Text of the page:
paper 0-691-00273-8 An impressive account of what really happened during the Cold War. A happy byproduct of the recent international thaw is the freeing of scholars from ideological assumptions. In this tour-de-force of diplomatic history Trachtenberg (History/Univ. of Pennsylvania) steps outside the Cold War mindset that has often rendered barren discussions of the post-WWII era and explores a seemingly endless stream of primary documents in pursuit of a more subtle and less political explanation of events. What he finds is not a simple, dualistic struggle between capitalism/democracy and communism, but rather a clash over the traditional elements of international relationssovereignty and securityaddressed through the traditional tools of international relationsmilitary power and diplomacyinvolving many players, not just a bipolar superpower world. The central theme throughout is the place of Germany in the postwar world. Trachtenberg traces the negotiations between the wartime Allies, the unraveling of the initial agreement, and the twists and turns of American policy in confronting the continuing dilemma of how to balance the need for Germany's strength in establishing a credible NATO security alliance with the fears of a strong Germany present in both the Soviet Union and western Europe. Ultimately, a resolution emerged after the Cuban Missile Crisis, but the critical steps involved working out relations between the major NATO countries as much as or perhaps more than relations between the US and the Soviet Union. The scholarship is first-rate throughout and Trachtenberg backs up his more unorthodox interpretations with reams of evidence. The length, level of detail, and expository prose of this volume make it unlikely to hold the attention of casual readers, but scholars and those with a serious interest in international affairs or the history of the Cold War will find it a gold mine. The complex dance of foreign policy and international diplomacy is rarely presented with such clarity. -- Copyright ©1999, Kirkus Associates, LP. All rights reserved. --This text refers to an out of print or unavailable edition of this title.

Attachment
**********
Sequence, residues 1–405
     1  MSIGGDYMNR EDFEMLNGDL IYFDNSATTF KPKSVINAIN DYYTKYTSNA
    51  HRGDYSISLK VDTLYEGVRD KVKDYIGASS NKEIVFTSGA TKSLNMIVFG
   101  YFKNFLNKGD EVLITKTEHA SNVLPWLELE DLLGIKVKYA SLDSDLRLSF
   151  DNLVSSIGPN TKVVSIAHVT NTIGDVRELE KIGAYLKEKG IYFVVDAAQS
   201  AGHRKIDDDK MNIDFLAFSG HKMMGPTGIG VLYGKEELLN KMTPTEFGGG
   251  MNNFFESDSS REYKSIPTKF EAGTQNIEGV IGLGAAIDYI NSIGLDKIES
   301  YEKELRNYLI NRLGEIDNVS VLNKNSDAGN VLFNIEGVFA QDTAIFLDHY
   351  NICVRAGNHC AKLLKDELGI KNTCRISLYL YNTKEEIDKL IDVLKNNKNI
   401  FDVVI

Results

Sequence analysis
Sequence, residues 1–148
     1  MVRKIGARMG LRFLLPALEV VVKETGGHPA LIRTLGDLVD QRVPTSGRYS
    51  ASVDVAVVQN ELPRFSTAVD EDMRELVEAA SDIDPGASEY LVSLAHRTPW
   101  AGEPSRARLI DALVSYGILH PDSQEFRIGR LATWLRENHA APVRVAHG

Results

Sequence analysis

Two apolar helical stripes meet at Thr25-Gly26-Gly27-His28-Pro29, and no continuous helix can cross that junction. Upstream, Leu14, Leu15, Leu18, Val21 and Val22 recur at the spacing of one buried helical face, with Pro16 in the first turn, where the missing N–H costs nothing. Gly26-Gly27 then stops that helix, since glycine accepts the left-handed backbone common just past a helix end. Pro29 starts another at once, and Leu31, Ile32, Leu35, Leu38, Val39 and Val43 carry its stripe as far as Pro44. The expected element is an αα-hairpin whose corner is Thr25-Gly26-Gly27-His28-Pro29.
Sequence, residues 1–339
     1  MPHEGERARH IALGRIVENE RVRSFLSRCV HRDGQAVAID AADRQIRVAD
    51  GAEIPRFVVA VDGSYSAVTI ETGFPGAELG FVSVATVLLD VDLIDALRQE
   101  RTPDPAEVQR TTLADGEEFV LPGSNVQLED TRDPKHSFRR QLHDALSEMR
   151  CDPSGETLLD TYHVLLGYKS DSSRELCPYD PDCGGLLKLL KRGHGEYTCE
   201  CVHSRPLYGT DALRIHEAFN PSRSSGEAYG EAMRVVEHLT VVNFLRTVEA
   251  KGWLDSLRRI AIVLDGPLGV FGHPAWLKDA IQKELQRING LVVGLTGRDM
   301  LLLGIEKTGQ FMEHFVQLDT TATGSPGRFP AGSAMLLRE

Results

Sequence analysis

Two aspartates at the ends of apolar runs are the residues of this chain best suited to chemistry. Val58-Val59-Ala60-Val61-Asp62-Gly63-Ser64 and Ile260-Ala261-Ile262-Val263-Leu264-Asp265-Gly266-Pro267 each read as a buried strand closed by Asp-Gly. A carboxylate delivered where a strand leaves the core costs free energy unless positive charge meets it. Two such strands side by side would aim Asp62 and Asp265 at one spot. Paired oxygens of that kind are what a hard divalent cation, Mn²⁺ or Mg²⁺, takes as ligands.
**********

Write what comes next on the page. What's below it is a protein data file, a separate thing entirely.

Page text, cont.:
Product Details